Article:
Space porn: These images are (quite literally) out of this world
It’s unfair that trance music, currently the most popular dance genre, has such a strong hold on the name. No disrespect to Day-Glo gypsy pants or melodramatic music that peaks and peaks like a never-ending acid trip, but the term “trance” should be available to each and every genre of electronic music, provided that the sound is hypnotic enough. Besides, when all forms of dance music are boiled down to their bare minimum, only rhythm and bass remain; repetitive percussion and low bass frequencies are what send listeners and dancers into far-off states. That said, the “Points in Time” series is nothing less than top-notch trance music — except that it’s pure drum ‘n’ bass.
The triple-CD compilation tracks the progression of atmospheric or jazzy drum ‘n’ bass, a chill-out style innovated by U.K. producer and Good Looking record label founder LTJ Bukem. The collection spans four years, from 1993 to 1997, and includes tracks from the likes of Bukem, Seba, Big Bud, Blame, PHD and Blu Mar Ten. But it’s really Bukem’s seductive music and influence that play the loudest. His style is nothing like the harder and more popular tech-step or jump-up versions of drum ‘n’ bass. Instead, he lightens the aggressive edge of the break beats with gently ticking drums, warm keyboards and Orb-inspired synth pads, juxtaposing arrhythmic ambient noises against crisp breaks. The effect brings listeners to an expansive, airy place, somewhere between jungle, jazz-fusion and outer space.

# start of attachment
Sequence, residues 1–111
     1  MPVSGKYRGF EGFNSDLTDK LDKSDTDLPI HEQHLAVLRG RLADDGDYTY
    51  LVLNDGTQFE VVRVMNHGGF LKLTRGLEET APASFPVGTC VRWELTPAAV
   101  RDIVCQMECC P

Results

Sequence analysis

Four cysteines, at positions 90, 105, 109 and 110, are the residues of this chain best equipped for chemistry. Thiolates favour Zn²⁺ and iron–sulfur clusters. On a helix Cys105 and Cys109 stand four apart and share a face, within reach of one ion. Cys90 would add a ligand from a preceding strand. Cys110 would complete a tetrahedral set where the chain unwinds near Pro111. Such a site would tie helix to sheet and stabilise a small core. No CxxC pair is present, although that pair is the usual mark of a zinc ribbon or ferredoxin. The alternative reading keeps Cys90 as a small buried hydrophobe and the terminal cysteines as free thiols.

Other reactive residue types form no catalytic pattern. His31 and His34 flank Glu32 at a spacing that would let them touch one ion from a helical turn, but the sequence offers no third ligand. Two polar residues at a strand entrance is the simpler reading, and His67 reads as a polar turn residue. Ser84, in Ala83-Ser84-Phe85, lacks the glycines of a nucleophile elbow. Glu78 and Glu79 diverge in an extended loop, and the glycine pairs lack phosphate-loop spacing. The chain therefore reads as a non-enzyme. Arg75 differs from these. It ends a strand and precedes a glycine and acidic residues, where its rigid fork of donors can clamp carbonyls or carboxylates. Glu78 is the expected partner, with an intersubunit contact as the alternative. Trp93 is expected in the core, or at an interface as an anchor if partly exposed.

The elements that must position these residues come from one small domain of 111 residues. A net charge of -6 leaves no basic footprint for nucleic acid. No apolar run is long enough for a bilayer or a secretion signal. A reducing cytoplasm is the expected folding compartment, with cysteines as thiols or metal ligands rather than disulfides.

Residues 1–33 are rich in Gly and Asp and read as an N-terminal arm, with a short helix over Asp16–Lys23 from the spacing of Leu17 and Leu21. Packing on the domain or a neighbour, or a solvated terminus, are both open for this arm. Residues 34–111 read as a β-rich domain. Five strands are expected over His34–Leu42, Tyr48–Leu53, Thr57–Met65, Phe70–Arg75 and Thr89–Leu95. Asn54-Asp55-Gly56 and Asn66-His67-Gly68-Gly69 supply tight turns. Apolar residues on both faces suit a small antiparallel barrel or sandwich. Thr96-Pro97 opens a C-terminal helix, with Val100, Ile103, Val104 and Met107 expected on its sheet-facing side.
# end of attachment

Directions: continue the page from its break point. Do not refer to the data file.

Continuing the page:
Bukem, a classically trained pianist and jazz and soul fan, delved into the late-’80s U.K. rave scene as a DJ. In 1990, he produced his first single, a hardcore break-beat track titled “Logical Progression.” Three years later, Bukem officially split from the increasingly commercialized and roughneck side of break-beat jungle with “Music,” an otherworldly eight minutes of sharp staccato rhythms and expansive ambient and string compositions. “Music,” which is included in the compilation, solidified Bukem’s reputation as a purveyor of a more sophisticated sound and inspired a contentious new description: “intelligent drum ‘n’ bass.” Other songs on the series share Bukem’s aesthetic, including Parallel World’s “Contagious,” an ethereal sputtering of beats and symphonic tones, and Seba & Lotek’s “So Long,” a euphoric dance-floor riser dotted with bittersweet melodies and clean, sparse breaks.
Hearing all 27 tracks at once is a dizzying, trancelike experience. The assertive forward motion of the break beats lures listeners into rhythmic submission, while the spacious ambient and jazz elements distract and delight. Consider “Points in Time” a chronology of an innovative sound and a journey into a peaceful mind warp.
Amanda Nowinski is a freelance writer in San Francisco.More Amanda Nowinski.
NASA astronaut Mike Hopkins
On December 28, 2013, Expedition 38 crew member Mike Hopkins participating in the second of two space walks to replace a degraded pump module on the International Space Station. (NASA astronaut Rick Mastracchio is reflected in his helmet!)
The Soyuz TMA-10M
The Soyuz TMA-10M headed towards the International Space Station with crew members from Expedition 37 onboard.
40 years ago the Apollo 8 mission flew up to the moon, orbited it ten times and then returned to Earth. This picture was taken from that flight and shows the Earth as it seemingly rises in similar fashion to a sunrise.
Sunrise from Expedition 36
NASA Flight Engineer Karen L. Nyberg of Expedition 36 took this photo of the sun rising -- a sight they saw nearly 16 times per day due to the speed of the International Space Station's orbit around the earth.
A pair of NanoRacks CubeSats -- nanosattelite spacecrafts carrying experiments -- were launched by Expedition 38.